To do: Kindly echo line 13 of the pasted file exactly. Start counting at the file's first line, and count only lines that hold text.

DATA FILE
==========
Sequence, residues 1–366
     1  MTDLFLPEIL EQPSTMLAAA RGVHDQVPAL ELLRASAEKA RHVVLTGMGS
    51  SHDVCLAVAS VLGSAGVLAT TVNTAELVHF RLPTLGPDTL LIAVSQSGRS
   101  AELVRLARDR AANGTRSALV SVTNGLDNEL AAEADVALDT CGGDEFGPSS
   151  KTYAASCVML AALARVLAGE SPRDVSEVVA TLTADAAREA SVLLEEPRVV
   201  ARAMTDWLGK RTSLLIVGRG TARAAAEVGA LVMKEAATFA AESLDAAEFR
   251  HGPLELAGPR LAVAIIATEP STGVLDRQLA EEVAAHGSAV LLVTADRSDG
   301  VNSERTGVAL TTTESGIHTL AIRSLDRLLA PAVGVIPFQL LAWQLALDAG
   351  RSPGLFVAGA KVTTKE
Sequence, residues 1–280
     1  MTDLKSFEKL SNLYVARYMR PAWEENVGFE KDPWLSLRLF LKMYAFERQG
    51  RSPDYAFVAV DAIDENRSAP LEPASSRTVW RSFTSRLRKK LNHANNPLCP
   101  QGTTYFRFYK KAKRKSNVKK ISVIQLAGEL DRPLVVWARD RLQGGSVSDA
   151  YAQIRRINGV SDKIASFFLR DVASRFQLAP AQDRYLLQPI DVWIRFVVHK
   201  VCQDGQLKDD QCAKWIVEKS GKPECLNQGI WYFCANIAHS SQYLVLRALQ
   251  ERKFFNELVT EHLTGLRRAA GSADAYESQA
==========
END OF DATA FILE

   101  QGTTYFRFYK KAKRKSNVKK ISVIQLAGEL DRPLVVWARD RLQGGSVSDA